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The Original Red Dead Redemption Is WAY Better Than Its Sequel

WARNING: The following contains spoilers for Red Dead Redemption and Red Dead Redemption 2.

One of the most talked about games in recent memory, Red Dead Redemption 2 was a phenomenal hit within the gaming community upon its release in October 2018. Arthur Morgan’s tale of high-intensity bounty hunting, bank robbing and general gun-slinging attracted many new fans to the series. The realism of Red Dead Redemption 2’s beautiful open-world and vast selection of side-quests gave the sequel a level of popularity which dwarfed that of its predecessor.

Rockstar Games had 8 years to improve on the original Red Dead Redemption, introducing significant upgrades in graphics, combat and hunting mini-missions. However, despite all its virtues and commercial success, there are just some aspects in which the first Red Dead game trumps the second. Though Red Dead may be the more well-rounded and polished product, it sometimes lacks the charm and innovation of the original.

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It is undeniable that the map of Red Dead Redemption 2 is absolutely stunning. From the snowy mountain ranges to the bustling city of Saint Dennis, Rockstar creates a varied and detailed world. However, those looking to immerse themselves into the real Wild West and enjoy the stereotypical cowboy lifestyle, may find themselves better suited to the environment of the first game.

The serene deserts and plentiful cacti give an authentic and cinematic feeling to the surroundings, including the dusty, wide streets of Armadillo, the lawlessness of Thieves Landing and the humble but unprotected settlement of MacFarlane Ranch. Red Dead Redemption captures the essence of a land torn apart by crime and gang conflict, where honest folk struggle to survive. It triumphs over the sequel in successfully portraying the barbarity and harshness of the world at the time, where technology and civilization were yet to be fully embraced.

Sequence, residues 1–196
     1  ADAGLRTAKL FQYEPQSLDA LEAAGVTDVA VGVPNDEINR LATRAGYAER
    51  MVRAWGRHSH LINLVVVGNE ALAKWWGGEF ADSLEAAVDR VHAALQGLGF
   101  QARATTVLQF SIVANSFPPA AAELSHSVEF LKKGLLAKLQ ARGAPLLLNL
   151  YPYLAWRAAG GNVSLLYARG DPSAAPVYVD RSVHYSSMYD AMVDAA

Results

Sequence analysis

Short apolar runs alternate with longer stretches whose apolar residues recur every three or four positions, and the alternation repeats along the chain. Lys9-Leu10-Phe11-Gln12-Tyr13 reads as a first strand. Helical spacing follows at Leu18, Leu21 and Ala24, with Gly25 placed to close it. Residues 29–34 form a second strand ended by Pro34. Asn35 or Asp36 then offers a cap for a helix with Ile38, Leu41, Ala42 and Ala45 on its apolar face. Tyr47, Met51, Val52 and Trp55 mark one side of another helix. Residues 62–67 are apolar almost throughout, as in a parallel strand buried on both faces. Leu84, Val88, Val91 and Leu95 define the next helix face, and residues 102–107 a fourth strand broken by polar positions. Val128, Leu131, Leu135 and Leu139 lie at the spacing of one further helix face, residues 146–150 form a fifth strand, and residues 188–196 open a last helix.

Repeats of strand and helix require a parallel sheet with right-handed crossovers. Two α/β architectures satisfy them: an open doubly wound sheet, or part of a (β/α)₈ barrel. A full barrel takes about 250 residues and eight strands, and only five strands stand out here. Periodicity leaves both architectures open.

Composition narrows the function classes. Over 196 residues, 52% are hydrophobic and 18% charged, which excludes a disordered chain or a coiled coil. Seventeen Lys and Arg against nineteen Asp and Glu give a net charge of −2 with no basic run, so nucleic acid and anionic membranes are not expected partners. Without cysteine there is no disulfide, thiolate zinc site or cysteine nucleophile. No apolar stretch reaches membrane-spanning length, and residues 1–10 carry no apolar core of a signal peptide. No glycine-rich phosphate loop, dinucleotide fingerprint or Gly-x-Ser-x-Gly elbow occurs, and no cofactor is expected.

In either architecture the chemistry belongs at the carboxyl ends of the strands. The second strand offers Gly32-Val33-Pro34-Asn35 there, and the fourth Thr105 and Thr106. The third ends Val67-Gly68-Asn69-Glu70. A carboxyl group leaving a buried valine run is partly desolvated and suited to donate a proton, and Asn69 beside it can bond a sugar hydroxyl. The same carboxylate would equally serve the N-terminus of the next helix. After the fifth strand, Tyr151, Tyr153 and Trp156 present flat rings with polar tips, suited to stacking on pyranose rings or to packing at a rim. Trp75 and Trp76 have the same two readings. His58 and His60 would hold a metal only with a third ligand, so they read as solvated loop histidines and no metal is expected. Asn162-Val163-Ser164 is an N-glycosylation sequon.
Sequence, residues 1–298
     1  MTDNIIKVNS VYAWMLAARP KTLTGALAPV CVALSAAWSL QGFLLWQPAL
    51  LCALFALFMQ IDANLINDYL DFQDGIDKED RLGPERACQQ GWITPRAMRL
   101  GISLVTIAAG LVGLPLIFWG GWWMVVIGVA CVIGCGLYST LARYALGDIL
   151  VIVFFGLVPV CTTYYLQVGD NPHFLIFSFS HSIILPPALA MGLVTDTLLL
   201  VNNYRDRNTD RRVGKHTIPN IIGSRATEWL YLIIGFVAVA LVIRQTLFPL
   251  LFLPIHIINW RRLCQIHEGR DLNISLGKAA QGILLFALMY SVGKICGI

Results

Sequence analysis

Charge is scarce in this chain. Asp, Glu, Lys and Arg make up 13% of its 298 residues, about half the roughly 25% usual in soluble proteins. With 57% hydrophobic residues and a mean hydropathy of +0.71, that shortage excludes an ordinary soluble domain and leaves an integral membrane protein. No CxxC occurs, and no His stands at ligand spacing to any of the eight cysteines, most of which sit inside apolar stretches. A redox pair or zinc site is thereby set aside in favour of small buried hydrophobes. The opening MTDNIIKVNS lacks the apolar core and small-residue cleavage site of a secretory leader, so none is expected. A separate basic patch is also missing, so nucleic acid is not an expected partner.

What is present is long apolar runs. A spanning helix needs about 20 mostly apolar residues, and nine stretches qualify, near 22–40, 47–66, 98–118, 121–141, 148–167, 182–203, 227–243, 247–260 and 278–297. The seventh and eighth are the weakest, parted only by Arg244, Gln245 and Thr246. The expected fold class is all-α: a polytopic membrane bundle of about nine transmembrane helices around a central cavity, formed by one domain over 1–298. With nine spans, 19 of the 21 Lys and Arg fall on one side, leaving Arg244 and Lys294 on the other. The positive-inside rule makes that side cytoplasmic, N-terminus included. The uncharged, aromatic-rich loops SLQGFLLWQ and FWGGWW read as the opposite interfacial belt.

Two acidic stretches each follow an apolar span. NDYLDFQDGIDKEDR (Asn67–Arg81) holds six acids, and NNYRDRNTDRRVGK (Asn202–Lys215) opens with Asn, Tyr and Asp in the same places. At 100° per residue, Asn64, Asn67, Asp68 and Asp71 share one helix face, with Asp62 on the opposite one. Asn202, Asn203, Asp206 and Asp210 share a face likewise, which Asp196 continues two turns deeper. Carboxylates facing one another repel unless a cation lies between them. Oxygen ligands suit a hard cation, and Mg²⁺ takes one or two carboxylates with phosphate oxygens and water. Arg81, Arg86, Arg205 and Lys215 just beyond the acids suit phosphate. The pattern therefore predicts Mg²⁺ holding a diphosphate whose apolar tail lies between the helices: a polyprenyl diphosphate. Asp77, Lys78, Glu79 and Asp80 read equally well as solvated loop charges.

Some parts of the Red Dead Redemption map are visitable after completing Chapter 6 of Red Dead 2, its insignificance to the story and lack of detail ensures New Austin is no longer the memorable location it was before. It’s merely an empty wasteland, as opposed to an inhospitable and desperate part of the world, inhabited by many unfortunate souls simply trying to get by. The settings of the sequel are incredibly scenic, but they are without the eerie desolateness and open wilderness characterized so well in the first game. The image of a lone cowboy and his horse on the trail is never encapsulated better than it is in the original Red Dead Redemption.

Related: 25 Easter Eggs In Red Dead Redemption 2 (Everyone Misses The First Time)

Furthermore, in Red Dead Redemption 2, the vast majority of the characters Arthur interacts with are in his gang and missions revolve around a select few members. In contrast, the original game provides an enjoyable cast of colorful side-characters. From the misguided grave-robber Seth, to the notorious con-man and elixir salesman Nigel West Dickens, the first Red Dead had a whimsically bizarre supporting cast which made the game all the more entertaining. Most notably, said characters and their motivations were explored throughout Marston’s adventures in the game.

In contrast, many members of Arthur Morgan’s gang in the sequel are easy to miss or ignore. Several of them are largely forgettable and are hardly present in any of the missions. Details of their life and story only become apparent if players are fortunate enough to eavesdrop on their randomly timed monologue in the camp. Hence, the first Red Dead installment sees its characters more successfully integrated into the main quests.

Related: Red Dead Redemption 2: Where to Find & Kill the Legendary Alligator

John Marston is also an arguably more nuanced protagonist than Arthur Morgan. While Arthur vocally and frequently (to the point of annoyance) announces he has committed heinous acts and is hardly a moral person, John’s internal struggle is more subtle. Arthur is given a chance to redeem himself through good acts before he succumbs to tuberculosis, but John’s circumstances are more ethically complex. Only by hunting down (and often killing) those he once considered friends can he be given the opportunity to be a good father and husband.

Though he acts on the whims of law-enforcers, his family have been held captive by these lawmen, who hardly seem more morally upstanding than those John is hunting. Even when this predicament is resolved and John can return to his family, it appears to be all for naught as Marston is gunned down in a heart-wrenching and shocking scene, which is more empathetic and tragic than any moment in the sequel.

With John now a lifeless corpse, players are left to question whether he deserved his chance to be a better man after all the atrocities he committed in his past. In contrast, Arthur’s ending is much more simplistic, trying to do all the good he can before his inevitable demise and ackxnowledging his mistake in blindly following his gang’s leader, Dutch Van Der Linde.

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Red Dead Redemption 2 was a worthy sequel, but sometimes it's impossible to surpass the original.

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